Toorak Uniting Church

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Called to diversity

Mark 9: 49 – 50
Rev. Pr Wolfgang Stahlberg
Pentecost 18
27 September 2015

Grace and peace

This passage reveals one of our human tendencies – to fear those who are different from us. For this reason, we often insist on a high level of conformity, or uniformity, or even bureaucracy, trying to manage our anxiety with some kind of framework.

In this gospel text, the disciples want Jesus to put a stop to someone casting out demons in his name. Why, isn’t that a good thing to do? Yes, but the disciples are afraid to lose what they see as their privilege of Jesus’ friendship and belonging. They do not consider this other person "one of them."

Scholars tell us that this particular section reflects some conflicts between early communities of Jesus followers. The gospel writer is framing this part of his narrative to address some of the problems his people are having with other communities. They were not all united in their convictions, sometimes they clashed with each other, and occasionally they even berated one another over differences in practice. In other words, Mark is trying to help his community answer the question of who they are. He asks whether they will define themselves over and against other Jesus followers or whether they will discover their identity in their own attempt to do what Jesus taught – to care for the vulnerable, and to avoid those things that are destructive to self, neighbour, and community?

Jesus points out that whoever does good in his name is OK. I think that Jesus is also asking the disciples to imagine the relief of those the unnamed exorcist is helping. We do not know whether the unnamed exorcist in Mark’s narrative is a follower of Jesus, an aspiring disciple, or what. What we do know is that he seems to make the disciples nervous, so nervous, in fact that they try to stop him... but cannot.

We also know that we ourselves are so very prone to draw lines between those who are in and those who are out.

Sometimes we do it by gender. Many Christian traditions still restrict ordained leadership to men.

Sometimes we do it by ordination. Remind me again why in church tradition anyone can preach a sermon, but only those who are ordained can say words of celebration for the Eucharist?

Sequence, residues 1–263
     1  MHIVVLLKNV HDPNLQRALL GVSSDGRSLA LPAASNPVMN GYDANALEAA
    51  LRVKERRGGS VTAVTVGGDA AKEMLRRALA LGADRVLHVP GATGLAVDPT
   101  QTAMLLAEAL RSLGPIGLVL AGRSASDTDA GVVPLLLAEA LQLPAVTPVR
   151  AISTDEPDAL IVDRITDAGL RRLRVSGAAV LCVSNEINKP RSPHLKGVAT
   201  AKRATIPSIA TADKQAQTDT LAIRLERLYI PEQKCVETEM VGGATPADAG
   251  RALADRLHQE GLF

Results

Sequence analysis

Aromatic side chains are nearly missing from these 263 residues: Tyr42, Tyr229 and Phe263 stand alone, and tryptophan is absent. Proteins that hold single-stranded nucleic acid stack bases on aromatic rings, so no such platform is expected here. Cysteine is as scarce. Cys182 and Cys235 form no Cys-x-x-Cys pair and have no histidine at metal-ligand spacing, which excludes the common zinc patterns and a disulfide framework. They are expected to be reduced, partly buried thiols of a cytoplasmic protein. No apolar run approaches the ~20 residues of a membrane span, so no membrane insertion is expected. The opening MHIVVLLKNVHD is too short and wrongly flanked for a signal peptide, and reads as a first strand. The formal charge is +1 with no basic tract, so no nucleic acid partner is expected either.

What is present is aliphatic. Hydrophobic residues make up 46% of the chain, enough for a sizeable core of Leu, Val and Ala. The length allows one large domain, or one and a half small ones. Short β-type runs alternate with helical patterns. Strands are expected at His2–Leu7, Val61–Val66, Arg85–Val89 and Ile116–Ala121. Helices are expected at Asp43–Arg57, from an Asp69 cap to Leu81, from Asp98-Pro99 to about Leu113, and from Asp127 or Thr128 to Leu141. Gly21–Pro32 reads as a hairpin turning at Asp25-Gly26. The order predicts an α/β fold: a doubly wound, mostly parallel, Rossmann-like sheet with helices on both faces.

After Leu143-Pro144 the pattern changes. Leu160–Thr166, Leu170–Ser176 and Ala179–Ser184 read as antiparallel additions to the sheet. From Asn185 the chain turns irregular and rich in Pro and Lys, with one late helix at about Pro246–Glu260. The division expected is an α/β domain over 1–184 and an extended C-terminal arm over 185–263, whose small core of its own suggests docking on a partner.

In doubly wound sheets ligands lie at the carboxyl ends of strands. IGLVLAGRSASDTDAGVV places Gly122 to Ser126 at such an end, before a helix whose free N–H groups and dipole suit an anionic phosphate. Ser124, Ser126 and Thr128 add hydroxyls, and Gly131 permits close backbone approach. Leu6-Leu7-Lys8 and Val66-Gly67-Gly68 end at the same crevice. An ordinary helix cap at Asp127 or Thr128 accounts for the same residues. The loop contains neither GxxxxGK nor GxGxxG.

Sometimes we draw lines by age, or sexual orientation, or ethnicity, or income level... And sometimes we do it by religion. Truth be told, we often do it by religion. Why do they – these people out there – worship the "wrong" God? Why do they wear these clothes or act in this way or that?

And I have to admit that I have problems to find a common basis with fundamentalist Christians. Why do they not understand? But they can do great and important work, I should be able to accept their motivation, even if I do not agree!

I want to stretch our imagination: Can we allow this passage from Mark’s Gospel to shape how we think of those who name God differently, or even do not name God at all? The question at hand is, "How can we develop a healthy, sane, and faithful Christian identity in a multi-faith (and multi-denomination) world like ours?" (McLaren)

Apparently Jesus is giving his blessing to this unnamed character. Then he turns the tables and lectures his disciples not to put stumbling blocks in front of others.

This makes me wonder whether our zeal for the gospel or, more honestly, our fear of those who are different from us sometimes makes us place stumbling blocks before persons of other faiths, which makes it harder for them to see and experience the love of God.

Remembering September 11th, Brian McLaren wrote: "To love your neighbour of another faith means to seek to understand her, to learn to see the world from her perspective, to stand with her, as it were, so that you can feel what she feels and maybe even come to understand why she loves what she loves."

I agree. And I think we can make a case based on what Jesus actually did that he would agree, too.

Years ago, somebody said: "Every time you draw a line between who's in and who's out, you'll find Jesus on the other side."

Here is the thing: our communities and the whole world are only getting more pluralistic, more complex, and more diverse. This means that we are likely to meet and get to know persons of different faiths – or no faith at all – in the workplace, at school, in the park, or at the swimming pool.

So perhaps this week's reading provides a good opportunity to reflect on our Christian responsibility to all people who need a word of comfort, a bowl of soup, or a hand of support.


Can we imagine that Jesus calls us to be at peace with those who name God differently – for example Allah – or are not able to name God at all? Can we imagine that Jesus would have us not only tolerate those of other faith traditions but also seek their welfare? Can we imagine Jesus calling us to get to know our neighbours, to understand them, love them, and in all possible ways "be at peace with one another"?

To tell you the truth, the older I get and the more people from other cultures and other faiths I meet, the harder I find it to imagine any other way of living as a Christian in this world than in harmony with each other – no matter what our religion is!

And right now, that includes, of course, all the refugees in the world, many from Syria, but also from Eritrea and Sudan, and several other countries. Most of them are not Christians. Does that mean we have no responsibility for them? Are we not all children of God?

Let us pray: God of all creation and all people, you love all of your children alike. Open our eyes and our hearts that we can embrace our siblings who need us although they are different from us, that we can learn from them, and build relationships that change the world into a place of diversity, justice, and peace.


© Rev. Pr Wolfgang Stahlberg, 2015

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